What would happen if the world ended right on schedule? Suppose the Rapture came on May 21st or the end of the Mayan Calendar on December 21st really is the end – do you think someone would notice?
Actually, the world has ended. The Rapture, more or less, already came and went. We just weren’t paying much attention. As usual, it’s all about the Romans.
54AD is a good time to start the story. The Roman Empire ruled right up to the fringes of barbarian territory and the remnants of Persian civilization, meaning that as far as anyone could tell the whole world. There wasn’t anyone left in the Mediterranean to take them on.
Nero took the throne in 54 after poisoning his uncle, the Emperor Claudius. No one could stop him largely because there was no threat from the outside to give people a sense of urgency. The guards who were loyal to Nero protected him, and that was that.
As time went on Rome sat by and largely just watched Nero’s corruption and descent into decadent madness. Everyone had seen this before with each of the Emperors that came after Augustus, the last one to earn the title in a time of crisis when they needed a steady hand. Claudius had been a capable but doddering old bureaucrat, but with his assassination the madness started again.
It was obvious this could not hold forever. A folk story had been making the rounds that the old order was going to be swept away and replaced by a hero from the East. Why the East? It’s not clear, but the East was both where the sun rose and the connection to the only developed civilization that might possibly challenge Rome, namely Persia. It made a good story – and it was clear that something had to give.
The stories of a savior from the East started to harden into more and more elaborate prophesies as it became clear that Rome was far to corrupt to hold on its own. The most common form of this prophesy had been that Herod Agrippa, King of Israel and a Roman puppet, was the man who would save Rome. That should have died when Herod did in 44AD, but the population’s seething resentment to Roman rule continued.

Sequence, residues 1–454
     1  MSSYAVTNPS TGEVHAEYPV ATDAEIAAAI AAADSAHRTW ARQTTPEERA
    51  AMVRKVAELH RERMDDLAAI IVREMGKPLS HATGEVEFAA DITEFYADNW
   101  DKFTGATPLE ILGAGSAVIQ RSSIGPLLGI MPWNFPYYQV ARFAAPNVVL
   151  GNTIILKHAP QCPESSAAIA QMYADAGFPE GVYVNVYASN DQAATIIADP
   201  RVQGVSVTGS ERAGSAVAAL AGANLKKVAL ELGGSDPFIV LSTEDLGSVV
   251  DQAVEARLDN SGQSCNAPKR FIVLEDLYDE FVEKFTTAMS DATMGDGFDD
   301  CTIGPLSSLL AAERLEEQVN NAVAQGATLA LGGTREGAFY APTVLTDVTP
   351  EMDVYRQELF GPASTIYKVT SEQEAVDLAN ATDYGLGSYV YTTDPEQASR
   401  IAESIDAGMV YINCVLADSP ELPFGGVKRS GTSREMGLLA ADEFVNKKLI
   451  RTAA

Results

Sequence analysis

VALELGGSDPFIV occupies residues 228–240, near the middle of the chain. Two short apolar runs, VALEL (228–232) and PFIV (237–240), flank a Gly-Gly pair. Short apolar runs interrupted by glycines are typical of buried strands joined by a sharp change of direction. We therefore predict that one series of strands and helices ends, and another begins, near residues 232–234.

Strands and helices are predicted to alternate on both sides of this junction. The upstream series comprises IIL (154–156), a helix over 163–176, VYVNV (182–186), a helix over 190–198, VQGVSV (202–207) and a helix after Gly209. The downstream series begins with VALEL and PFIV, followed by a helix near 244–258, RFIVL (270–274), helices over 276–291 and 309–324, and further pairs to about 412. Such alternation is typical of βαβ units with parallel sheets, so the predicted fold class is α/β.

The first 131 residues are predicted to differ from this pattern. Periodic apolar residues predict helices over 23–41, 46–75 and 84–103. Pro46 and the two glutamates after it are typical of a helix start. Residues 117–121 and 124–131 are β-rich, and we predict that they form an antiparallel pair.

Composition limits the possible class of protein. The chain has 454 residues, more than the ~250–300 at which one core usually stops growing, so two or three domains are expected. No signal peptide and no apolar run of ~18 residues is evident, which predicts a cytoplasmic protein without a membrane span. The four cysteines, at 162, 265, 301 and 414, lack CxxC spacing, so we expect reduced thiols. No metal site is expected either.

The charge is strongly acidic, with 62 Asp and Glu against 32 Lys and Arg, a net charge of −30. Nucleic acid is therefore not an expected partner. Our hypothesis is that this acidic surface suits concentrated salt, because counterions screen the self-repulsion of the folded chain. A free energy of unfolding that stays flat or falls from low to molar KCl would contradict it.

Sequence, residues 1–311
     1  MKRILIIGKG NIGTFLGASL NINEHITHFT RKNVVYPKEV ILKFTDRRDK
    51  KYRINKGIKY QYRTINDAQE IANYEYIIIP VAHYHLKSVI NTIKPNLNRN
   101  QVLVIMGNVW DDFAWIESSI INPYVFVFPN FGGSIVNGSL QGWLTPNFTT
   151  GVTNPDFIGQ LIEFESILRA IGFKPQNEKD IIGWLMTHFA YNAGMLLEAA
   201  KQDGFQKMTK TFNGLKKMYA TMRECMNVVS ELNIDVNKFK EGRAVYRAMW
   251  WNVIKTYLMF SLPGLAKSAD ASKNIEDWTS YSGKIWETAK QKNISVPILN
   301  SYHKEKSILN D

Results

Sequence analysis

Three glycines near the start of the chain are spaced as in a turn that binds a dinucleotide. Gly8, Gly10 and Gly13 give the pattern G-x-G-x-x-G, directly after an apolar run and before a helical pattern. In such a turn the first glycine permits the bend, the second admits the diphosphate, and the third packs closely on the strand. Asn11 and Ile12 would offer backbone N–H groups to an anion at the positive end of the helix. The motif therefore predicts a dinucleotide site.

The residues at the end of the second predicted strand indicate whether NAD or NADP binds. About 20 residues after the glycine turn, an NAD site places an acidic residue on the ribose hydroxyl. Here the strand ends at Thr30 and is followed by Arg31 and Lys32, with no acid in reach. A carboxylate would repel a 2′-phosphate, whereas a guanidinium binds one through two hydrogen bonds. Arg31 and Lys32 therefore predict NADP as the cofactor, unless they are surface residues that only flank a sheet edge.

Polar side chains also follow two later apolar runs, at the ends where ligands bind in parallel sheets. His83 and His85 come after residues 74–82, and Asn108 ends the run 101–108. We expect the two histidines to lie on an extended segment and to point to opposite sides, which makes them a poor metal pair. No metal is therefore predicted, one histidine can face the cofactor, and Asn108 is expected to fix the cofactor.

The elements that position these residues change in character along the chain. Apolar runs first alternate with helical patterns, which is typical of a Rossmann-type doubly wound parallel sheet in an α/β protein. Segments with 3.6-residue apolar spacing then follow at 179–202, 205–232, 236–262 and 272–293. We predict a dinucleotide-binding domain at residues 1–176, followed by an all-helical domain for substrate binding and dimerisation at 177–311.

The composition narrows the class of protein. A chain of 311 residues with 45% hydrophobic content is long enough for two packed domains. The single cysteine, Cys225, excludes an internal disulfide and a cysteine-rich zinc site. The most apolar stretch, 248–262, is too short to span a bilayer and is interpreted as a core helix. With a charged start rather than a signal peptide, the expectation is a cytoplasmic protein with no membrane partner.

Things came to a head in 64AD when the Roman Senate developed some unusual backbone and told Nero that he could not clear an adjoining middle-class neighborhood to expand his palace for the purpose of throwing larger parties. Within a short time that neighborhood – and about a third of Rome – mysteriously caught fire. This crime against Rome itself turned exasperation with Nero into seething hatred. It was alleged that he played his lyre (not a fiddle!) while watching the city burn.
Nero, like any good politician, not only denied responsibility, but found an easy scapegoat. He blamed an obscure religious group, called “Christians”, who went against the norms of the day and easily stood out. He ordered all the Christians rounded up to be put to death in public spectacle.
At this time a mysterious figure known as “John” wrote down a Christian version of the “Savior from the East” prophesies. His centered on a risen Christ who would exact vengeance on Rome for the terrible slaughter of Christians. He used coded language to depict the depravation caused by the “Four Horsemen” or Emperors after Augustus who ruled so terribly – Tiberius (an archer) on a white horse, Caligula the killer on a red horse, Claudius (who standardized wages and prices) on a black horse, and finally Nero as death itself on a Pale Horse. Rather than mention the Emperor by name it was reduced, in common numerological practice, to “666”.